Toll roads, a special tax on property developers, an increase in planning service charges and a hike in MOT fees have all been discussed at Stormont this week as the Executive looks at new ways to raise cash for devolution.
With London expected to tighten the block grant to Northern Ireland just days before the Executive proposes its first budget and programme for government, ministers are being pushed to come up with new ways to generate money.
Finance Minister Peter Robinson has been discussing proposals for increasing revenue with other ministers and officials during a heavy round of meetings in recent days.
Mr Robinson is due to present the draft version of his first full budget next month, shortly after Chancellor Alistair Darling unveils the results of the Government's comprehensive spending review.
That review is expected to limit the growth of Northern Ireland's block grant to 1%.
If the Executive absorbs water charges, that increase effectively disappears - and ministers will have to find other means of raising money for any new projects. They are also considering where current spending can be cut, with the civil service appearing to be a likely target.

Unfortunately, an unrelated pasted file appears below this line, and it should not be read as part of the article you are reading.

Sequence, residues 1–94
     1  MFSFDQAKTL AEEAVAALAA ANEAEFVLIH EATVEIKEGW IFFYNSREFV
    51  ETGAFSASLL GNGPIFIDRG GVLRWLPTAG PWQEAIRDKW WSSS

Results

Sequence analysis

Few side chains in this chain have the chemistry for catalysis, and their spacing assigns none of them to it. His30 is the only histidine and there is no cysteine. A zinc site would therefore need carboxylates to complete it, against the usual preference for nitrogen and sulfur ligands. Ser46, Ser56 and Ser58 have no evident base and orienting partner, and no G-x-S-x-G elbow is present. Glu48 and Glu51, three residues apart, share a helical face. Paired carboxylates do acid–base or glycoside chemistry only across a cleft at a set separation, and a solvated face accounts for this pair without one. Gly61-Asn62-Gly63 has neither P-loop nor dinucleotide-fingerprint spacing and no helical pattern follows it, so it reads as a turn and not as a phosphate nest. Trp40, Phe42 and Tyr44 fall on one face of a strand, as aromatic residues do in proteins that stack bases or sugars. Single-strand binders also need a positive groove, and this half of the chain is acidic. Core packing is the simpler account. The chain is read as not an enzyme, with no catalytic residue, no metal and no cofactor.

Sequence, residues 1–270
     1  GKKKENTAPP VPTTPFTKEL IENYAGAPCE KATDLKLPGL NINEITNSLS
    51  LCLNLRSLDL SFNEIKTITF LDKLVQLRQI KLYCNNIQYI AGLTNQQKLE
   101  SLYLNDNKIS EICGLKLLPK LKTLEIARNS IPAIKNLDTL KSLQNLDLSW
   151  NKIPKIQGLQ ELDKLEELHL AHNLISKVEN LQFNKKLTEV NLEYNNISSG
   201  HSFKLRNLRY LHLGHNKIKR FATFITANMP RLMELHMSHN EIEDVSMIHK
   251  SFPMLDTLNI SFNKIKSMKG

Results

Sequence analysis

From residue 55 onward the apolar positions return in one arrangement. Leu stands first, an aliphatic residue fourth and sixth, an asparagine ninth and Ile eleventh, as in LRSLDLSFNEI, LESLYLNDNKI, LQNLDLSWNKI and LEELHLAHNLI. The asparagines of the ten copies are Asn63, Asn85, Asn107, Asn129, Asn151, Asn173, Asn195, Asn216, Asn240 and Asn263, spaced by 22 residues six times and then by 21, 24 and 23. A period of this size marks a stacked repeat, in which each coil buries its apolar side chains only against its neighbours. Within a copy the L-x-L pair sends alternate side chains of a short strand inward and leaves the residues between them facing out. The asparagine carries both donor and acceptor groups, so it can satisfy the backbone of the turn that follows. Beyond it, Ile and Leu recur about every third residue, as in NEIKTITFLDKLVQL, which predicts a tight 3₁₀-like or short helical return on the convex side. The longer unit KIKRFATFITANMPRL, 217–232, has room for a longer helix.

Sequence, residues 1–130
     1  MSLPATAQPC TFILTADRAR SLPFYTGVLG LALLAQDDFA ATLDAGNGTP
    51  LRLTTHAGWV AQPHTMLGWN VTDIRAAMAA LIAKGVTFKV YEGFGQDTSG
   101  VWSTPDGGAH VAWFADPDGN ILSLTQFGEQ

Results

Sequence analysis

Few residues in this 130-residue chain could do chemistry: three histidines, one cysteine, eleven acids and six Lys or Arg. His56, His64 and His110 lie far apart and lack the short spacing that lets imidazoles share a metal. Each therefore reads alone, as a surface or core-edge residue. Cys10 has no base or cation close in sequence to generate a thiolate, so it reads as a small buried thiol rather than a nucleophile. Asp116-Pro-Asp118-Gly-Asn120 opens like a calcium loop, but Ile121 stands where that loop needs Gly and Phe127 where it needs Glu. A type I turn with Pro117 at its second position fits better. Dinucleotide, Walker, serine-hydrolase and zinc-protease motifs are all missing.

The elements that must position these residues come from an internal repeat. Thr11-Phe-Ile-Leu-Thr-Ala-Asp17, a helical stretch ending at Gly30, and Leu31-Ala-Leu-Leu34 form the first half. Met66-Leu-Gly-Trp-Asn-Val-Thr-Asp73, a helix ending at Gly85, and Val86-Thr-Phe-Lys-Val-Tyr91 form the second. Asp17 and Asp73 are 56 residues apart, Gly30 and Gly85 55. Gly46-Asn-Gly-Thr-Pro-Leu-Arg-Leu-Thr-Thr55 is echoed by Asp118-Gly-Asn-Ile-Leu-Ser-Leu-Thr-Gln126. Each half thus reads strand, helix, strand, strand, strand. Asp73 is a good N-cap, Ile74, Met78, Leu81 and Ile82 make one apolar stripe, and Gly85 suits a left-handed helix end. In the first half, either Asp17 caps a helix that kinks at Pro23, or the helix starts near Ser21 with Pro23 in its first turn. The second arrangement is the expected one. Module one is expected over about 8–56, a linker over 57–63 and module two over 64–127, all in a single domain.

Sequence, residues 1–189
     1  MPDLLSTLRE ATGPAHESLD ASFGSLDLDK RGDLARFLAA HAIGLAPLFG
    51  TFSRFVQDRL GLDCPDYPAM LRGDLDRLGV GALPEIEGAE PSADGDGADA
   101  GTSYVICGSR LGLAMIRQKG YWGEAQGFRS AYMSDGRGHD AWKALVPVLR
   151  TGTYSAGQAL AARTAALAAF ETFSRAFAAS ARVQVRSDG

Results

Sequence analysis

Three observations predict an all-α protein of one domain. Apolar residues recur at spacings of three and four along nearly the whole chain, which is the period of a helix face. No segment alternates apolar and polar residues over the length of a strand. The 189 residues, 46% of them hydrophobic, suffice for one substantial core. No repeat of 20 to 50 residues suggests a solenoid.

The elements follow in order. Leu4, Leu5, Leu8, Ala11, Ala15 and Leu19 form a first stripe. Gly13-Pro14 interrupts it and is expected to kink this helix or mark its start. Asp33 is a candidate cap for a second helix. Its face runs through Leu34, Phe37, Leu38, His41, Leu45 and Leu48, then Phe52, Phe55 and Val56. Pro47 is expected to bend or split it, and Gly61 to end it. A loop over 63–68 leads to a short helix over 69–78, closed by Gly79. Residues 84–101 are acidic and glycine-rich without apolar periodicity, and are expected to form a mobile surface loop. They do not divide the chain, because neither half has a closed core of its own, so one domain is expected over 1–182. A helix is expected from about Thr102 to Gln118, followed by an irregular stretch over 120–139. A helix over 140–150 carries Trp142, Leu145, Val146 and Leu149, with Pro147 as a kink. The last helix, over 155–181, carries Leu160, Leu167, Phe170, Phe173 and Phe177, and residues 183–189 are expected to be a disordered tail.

At present, the Executive raises money primarily through the regional rate. But that only pays for about 5% of the £8bn spent every year, with most of the rest coming through the block grant.
The Executive could increase rates, but Mr Robinson indicated yesterday that he wants to fix the levels of domestic rates for three years, to let householders know what to expect on their bills.
Sinn Fein has already advocated tax raising powers for the Assembly, but the Executive is also discussing ways to make consumers pay for more for public services up front, rather than subsidising them through taxes.
They could impose charges on developers to pay for the extra burden new housing puts on public services. New roads could be paid for by tolling, existing charges could be increased to make agencies self-financing.
The Varney Review on corporation tax is expected to report in early October, before the Northern Ireland budget, but expectations of a major cut in the tax appear to be fading at Stormont.
The Executive wants the tax cut to 12.5%, the level in the Republic, to make Ulster as attractive to overseas investors.